Best places to feed the spirit: Tibet and Cambodia
Best food: Korea (of course!), Vietnam, Cambodia and Egypt (including previous trips, the list would be augmented with Thailand, India, France and Italy)
Best music: Brazil
Friendliest strangers: Brazil
Best for adventure: Tibet, Tanzania and Brazil
Best circus-life: Brazil and Morocco
Best for relaxation and natural life: Uruguay
Places you must see before you die: Tibet, Easter Island, Patagonia and Namibia
My overall favorites: Tibet, Cambodia, Namibia, Easter Island and Patagonia

Now for some worsts --
Worst bus rides: Laos and Argentina (yes, Argentina and even on the sleeper (full cama) buses! They intentionally never stop long enough to let you go to the bathroom, and they act only in accordance with their own convenience! and don't let me get started on how they treat foreigners trying to buy a bus ticket!)
Worst landscapes: Zambia and the east coast of Argentina
Worst food poisoning: Zambia, Tanzania and Tibet

Of course, this is just my opinion, and I reserve the right to change it at any time (wink)!

Thursday, April 26, 2007

Live from Montevideo

I'm in Uruguay's capital, Montevideo. It's a pleasing place, easy to traverse because of its organization (with everything emanating from the main road, 18 de Julio) and relative convenience and compactness (at least with regards to those things that concern me). Despite being a busy city, Montevideo still possesses many tree-lined streets in the city center whose members arc and bow toward each other from opposites sides of the street, creating leafy, shaded pathways for vehicles and pedestrians.

Yesterday night with some fun folks, I went out in the Ciudad Vieja for some live music. The band was talented and fun, playing a variety of styles, including salsa! Hearing the syncopated rhythm of son and dancing salsa felt so good after these many months of times of sitting on a bus or train, listening to music on my iPod while dancing in my head.

Time is winding down fast. Tomorrow I am moving onto the historical town of Colonia, my last place in Uruguay, followed by 3 final nights in Buenos Aires. I fly home on May 1. Gulp.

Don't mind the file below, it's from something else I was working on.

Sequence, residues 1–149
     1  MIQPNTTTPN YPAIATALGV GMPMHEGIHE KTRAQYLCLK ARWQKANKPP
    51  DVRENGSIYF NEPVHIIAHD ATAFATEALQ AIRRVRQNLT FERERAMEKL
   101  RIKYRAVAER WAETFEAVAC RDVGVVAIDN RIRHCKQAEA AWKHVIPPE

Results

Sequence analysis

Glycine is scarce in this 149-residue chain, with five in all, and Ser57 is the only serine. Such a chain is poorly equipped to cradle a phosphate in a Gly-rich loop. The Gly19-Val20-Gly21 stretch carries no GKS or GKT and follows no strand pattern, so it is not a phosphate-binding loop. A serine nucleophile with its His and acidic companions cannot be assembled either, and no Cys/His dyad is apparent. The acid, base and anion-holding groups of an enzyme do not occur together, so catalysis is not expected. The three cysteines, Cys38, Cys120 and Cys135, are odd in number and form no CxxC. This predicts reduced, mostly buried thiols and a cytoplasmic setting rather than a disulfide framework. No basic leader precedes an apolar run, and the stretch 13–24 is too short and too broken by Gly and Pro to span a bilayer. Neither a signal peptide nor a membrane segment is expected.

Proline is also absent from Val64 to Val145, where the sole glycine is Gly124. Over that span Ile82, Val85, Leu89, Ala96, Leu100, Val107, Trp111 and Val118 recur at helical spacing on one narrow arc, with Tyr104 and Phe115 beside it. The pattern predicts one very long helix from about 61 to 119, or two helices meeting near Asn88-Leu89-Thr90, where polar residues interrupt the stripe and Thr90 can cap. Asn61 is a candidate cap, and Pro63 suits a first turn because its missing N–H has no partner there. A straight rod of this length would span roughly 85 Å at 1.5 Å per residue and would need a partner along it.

Wednesday, April 25, 2007


I can't wait to meet my newest nephew or niece! Congratulations Richard and Dosun!

Gaucho life becomes me

For the last week, I lived the life of a gaucho (South American cowboy) on a rustic estancia (cattle and sheep ranch) in northern Uruguay, about an hour from the town of Tacaurembó and far, far from the mechanization and over-commercialization of modern life. These were days I felt happy, full and free and were some of the best times of my trip!

The name of the estancia is Panagea, which means the mother, omni-continent of the earth when all continents were one landmass. Panagea is the business and home of two long-time world travelers, a couple, one Uruguayan (born and raised on the very land) and one Swiss. Many of the estancias in South America that take tourists are landed estates with luxury hotels, but not real, working ranches. In fact the primary business of Panagea is animal husbandry, with hosting of visitors as a side activity. And so daily rhythms are based on the sun, the land and the animals, in the manner of real life of this region of the world as it has been for many years now.

Though I learned about Panagea because I happened to be browsing a travel site online and went spur-of-the-moment (even to the surprise of my hosts, hee hee), I had the sneaking suspicion that I would love it, based on my own long term plans after New York City to live on a farm in the countryside where I will cultivate butterfly gardens, make my own wine and grow my own non-GMO food...with animals all around me.